The first thing we did was go back to the cathedral and walk around the square (Praza do Inmaculado). I bored Glen with stories of the last time I was here and we went up the steps to the main gate. It was nice to see the trees growing from the walls of the cathedral high above us have come on some since my last visit. Entering the cathedral I just made sure I saw everything from every angle. Not sure if I’d ever come back again and this time I knew a lot more than last. The botafumeiro hung above the altar and I made sure I took photographs of the ropes at the anchor point. We visited the tomb of St James and climbed the steps to rub the neck of the statue. I tried to find out the times of mass but could only find the opening times of the cathedral.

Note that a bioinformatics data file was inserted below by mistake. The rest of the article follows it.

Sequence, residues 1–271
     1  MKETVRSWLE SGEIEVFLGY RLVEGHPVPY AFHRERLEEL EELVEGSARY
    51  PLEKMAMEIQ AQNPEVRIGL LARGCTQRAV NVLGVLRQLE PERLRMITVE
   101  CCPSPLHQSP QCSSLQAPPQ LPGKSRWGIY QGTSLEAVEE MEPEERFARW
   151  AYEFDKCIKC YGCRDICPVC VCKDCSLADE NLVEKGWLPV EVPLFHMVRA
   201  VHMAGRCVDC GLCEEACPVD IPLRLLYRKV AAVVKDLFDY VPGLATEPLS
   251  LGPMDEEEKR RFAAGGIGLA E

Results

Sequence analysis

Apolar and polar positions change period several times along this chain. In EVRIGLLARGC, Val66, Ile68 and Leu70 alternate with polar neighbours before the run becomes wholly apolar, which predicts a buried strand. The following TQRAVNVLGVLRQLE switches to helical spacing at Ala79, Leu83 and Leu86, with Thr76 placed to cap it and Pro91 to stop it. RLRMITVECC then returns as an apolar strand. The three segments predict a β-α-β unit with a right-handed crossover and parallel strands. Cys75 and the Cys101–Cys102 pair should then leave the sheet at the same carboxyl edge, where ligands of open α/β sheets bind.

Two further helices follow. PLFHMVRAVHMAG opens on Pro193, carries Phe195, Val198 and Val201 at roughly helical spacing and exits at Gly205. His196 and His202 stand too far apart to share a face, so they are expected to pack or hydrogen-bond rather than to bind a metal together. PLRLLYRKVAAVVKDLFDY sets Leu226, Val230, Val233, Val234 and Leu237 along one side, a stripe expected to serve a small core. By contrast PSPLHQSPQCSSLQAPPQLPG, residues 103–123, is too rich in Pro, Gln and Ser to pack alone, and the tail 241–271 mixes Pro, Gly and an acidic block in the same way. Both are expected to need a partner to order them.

We walked out into the sunshine and wandered towards the tourist office to see if they knew more about mass, they said that mass would be at 12 but they don’t perform the pilgrims mass and swing the botafumeiro unless it’s a special occasion or someone (more important than us, she did stress that!) requests it! We were then told that an indication of pilgrims mass would be the botafumeiro hung above the altar. Ok, we hot footed back. Took a good seat and witnessed the whole shebang. They even mentioned the three pilgrims from St Jean Pied du Port amongst the list of pilgrims. I looked for the third punching the air but didn’t see anyone.